Honorable Mention

Connected toward Communion by Daniella Zsupan-Jerome, Liturgical Press

B11: FAMILY LIFE

First Place

Mortal Blessings by Angela Alaimo O’Donnell, Ave Maria Press

Recognizing and celebrating “signs of the sacred” in the midst of caring for a dying relative a special gift and grace. Mortal Blessings is beautifully written and O’Donnell is refreshingly honest in relating her experiences. It is wonderful to see such a moving book, since so many of us will experience being caretakers of loved ones in their final journey in life.

Second Place

Everyday Sacrament by Laura Kelly Fanucci, Liturgical Press

Finding God in the midst of taking care of young children can be a real challenge. Fanucci has done a fine job of discovering grace in the messy moments of parenting and showing her readers how to find signs of each of the 7 Catholic sacraments in everyday life. Well-written, honest, easy to relate to. Lots of great stories and slices of life.

Third Place

Love Is Our Mission: The Family Fully Alive: A preparatory catechesis for the World Meeting of Families by The Pontifical Council for the Family and the Archdiocese of Philadelphia, Our Sunday Visitor

While this compact book was produced for preparatory catechesis for the World Meeting of Families in September 2015, it also serves as a learning tool for all Catholic families who are interested in learning more about how the Church views its families and how Catholic families can serve the Church. Fresh and insightful, it outlines Catholic teaching regarding sex, marriage and family in an accessible way. The questions at the end of each chapter are great discussion starters.

B12: MARRIAGE

First Place

Catholic and Married: Leaning Into Love by Art and Laraine Bennett, Editors, Our Sunday Visitor

Only two entries in this very important category and this one leads the pair. A group of talented writers herein focus on marriage as a lifelong journey, maybe with problems and failures along the way, but also with joy and success resulting from life-long love and sharing by the married partners. It tackles present-day marriage challenges: marrying young, cohabitation, contraception, divorce, but also affirms the gift of children, commitment to the other and especially that love factor as the key for successful marriage today.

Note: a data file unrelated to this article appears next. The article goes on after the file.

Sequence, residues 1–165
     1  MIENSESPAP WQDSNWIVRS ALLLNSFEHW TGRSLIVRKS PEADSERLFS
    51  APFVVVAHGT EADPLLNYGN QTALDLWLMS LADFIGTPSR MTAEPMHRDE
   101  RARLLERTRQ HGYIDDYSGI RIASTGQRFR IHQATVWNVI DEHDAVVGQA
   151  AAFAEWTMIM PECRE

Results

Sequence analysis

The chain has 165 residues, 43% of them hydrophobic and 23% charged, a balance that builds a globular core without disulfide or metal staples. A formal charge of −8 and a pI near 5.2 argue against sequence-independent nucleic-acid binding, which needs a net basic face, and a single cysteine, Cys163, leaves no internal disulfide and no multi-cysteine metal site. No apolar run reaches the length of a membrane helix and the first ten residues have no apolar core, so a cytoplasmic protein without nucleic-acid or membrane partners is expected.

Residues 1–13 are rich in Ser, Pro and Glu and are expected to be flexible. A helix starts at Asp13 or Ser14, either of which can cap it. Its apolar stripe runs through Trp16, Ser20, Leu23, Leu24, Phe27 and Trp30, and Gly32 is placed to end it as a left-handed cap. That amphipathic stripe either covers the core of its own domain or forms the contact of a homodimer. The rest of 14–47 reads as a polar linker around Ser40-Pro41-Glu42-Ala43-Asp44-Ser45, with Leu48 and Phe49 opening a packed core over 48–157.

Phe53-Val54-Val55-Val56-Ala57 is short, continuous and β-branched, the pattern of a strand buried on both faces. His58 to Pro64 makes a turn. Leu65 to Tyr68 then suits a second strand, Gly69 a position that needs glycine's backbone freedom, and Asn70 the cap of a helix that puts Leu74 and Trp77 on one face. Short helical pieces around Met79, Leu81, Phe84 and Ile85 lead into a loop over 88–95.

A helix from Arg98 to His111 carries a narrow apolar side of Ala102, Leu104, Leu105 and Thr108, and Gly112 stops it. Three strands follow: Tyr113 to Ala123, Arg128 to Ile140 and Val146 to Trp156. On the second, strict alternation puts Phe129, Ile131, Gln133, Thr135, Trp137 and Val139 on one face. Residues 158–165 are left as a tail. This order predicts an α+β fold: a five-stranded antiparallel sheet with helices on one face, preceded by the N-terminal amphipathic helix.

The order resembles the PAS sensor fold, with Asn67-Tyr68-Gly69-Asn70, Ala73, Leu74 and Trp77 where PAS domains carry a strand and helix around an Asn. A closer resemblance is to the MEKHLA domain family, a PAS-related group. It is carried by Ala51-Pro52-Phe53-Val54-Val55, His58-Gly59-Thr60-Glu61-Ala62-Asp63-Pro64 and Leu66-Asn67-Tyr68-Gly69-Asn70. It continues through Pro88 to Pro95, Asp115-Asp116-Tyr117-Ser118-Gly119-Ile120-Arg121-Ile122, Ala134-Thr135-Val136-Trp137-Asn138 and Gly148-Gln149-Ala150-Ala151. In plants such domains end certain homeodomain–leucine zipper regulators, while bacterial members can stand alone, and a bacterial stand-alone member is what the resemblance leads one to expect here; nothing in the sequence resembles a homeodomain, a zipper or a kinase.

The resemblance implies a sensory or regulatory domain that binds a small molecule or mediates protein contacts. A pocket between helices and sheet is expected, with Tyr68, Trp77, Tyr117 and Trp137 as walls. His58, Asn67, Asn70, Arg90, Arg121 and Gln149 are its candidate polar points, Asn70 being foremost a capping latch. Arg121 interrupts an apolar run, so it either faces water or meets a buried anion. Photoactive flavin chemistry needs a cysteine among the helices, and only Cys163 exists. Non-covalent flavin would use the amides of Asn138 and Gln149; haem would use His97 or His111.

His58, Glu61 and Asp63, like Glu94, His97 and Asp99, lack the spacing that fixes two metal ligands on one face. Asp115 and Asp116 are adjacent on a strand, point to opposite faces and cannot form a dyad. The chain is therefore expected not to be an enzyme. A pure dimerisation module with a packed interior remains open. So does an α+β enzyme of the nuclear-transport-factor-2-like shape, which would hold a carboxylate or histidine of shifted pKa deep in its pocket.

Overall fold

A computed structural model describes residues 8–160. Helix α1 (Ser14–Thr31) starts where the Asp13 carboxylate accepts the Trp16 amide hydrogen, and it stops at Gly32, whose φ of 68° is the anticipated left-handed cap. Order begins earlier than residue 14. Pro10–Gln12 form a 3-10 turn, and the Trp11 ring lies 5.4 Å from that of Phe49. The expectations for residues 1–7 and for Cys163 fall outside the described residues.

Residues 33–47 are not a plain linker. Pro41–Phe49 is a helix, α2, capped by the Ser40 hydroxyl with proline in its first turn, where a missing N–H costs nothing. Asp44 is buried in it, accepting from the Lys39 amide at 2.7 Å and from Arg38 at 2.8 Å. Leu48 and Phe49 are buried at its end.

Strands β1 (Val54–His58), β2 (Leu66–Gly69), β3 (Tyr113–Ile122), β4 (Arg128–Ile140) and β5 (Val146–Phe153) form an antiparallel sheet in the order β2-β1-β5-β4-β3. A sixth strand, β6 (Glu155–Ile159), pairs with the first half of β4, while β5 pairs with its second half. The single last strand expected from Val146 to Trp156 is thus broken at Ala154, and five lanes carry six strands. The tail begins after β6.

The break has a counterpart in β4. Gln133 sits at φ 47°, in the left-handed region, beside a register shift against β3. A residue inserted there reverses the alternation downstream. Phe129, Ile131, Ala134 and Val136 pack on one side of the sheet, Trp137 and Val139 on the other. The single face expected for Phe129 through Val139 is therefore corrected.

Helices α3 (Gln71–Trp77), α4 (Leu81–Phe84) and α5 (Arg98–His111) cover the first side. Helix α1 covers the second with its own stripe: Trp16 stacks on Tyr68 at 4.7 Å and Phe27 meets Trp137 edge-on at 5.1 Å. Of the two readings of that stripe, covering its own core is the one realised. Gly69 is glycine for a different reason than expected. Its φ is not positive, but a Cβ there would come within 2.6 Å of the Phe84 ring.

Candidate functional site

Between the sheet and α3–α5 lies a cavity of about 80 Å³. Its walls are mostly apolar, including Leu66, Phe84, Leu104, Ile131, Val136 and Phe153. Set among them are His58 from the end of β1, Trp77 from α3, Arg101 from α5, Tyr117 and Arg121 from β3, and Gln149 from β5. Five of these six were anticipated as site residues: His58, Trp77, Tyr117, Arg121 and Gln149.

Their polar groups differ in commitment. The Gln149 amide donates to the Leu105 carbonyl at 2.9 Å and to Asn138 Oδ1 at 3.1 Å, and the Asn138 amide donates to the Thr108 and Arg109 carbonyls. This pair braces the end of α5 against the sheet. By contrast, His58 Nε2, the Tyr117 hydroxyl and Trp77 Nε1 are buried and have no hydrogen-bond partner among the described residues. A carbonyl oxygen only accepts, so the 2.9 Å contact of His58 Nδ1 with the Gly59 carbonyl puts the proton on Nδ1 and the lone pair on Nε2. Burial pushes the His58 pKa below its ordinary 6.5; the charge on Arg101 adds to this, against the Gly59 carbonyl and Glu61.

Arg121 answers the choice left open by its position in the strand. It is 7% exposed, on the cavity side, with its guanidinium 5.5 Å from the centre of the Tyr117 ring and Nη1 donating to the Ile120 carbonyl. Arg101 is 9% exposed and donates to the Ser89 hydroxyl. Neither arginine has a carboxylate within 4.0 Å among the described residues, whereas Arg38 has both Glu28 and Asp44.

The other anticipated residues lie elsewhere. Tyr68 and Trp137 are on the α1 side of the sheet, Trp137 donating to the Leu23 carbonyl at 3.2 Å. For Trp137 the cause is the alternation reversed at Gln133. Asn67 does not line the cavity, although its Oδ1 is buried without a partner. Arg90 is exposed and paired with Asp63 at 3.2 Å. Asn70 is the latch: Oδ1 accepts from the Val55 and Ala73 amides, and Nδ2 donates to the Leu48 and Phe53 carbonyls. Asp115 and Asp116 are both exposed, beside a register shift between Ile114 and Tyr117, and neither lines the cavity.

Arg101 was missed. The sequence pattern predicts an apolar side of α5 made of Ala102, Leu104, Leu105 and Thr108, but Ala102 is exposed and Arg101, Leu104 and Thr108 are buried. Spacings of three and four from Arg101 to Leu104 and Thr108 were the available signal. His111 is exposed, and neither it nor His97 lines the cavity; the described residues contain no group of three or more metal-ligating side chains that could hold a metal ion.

Second Place

Vocation to Virtue: Christian Marriage as a Consecrated Life by Kent J. Lasnoski, The Catholic University of America Press

Clearly intended for a more limited academic audience, this entry concerns itself with the theological aspects of marriage. Its focus is on the Second Vatican Council’s declaration that all in the church are called to Christian perfection, and how married couples can achieve that vocation. It is thus beyond the everyday concerns of an average Catholic married couple. That narrower focus, and its more sophisticated writing, put it in second place.

B13: HISTORY

First Place

Christianity in Roman Africa: The Development of Its Practices and Beliefs by J. Patout Burns Jr. and Robin M. Jensen, Wm. B. Eerdmans Publishing Co.

This is the most outstanding work submitted in this important category. Well deserving of a #1 Catholic Book Award. Magnificent design and quality manufacturing with 4-color graphics, clearly drawn maps and other resources. Fine reference for any Catholic or public library, of great interest to classics scholars. Very well written and edited.

Second Place

When Saint Francis Saved the Church by Jon M. Sweeney, Ave Maria Press

Anengagingly popular story of, arguably, our most popular saint. In the manner of Thomas Cahill’s How the Irish Saved Civilization, Jon Sweeney brings Francis to life as we continue our fascination with his namesake, Pope Francis, in 2015. The Holy father reaches out to the poor and marginated as the converted troubadour did from 1205-1219 when he, in fact, changed the church. A quick read but based on the best that history has recorded and deserving of the attention it will command in the general and religious markets.

Third Place

What They Wished For: American Catholics and American Presidents, 1960–2004 by Lawrence J. McAndrews, University of Georgia Press

Catholicism and the modern presidency is quite a timely topic, more so since the days of JFK. Though the time period covered is only 1960-2004, religion and politics have found their way into the news regularly since and this work does a fine job of presenting the ramifications to the public. Readable, accurate without bias. With an update through the Obama years and second GW Bush presidencies it would have a strong general appeal in the election year 2016.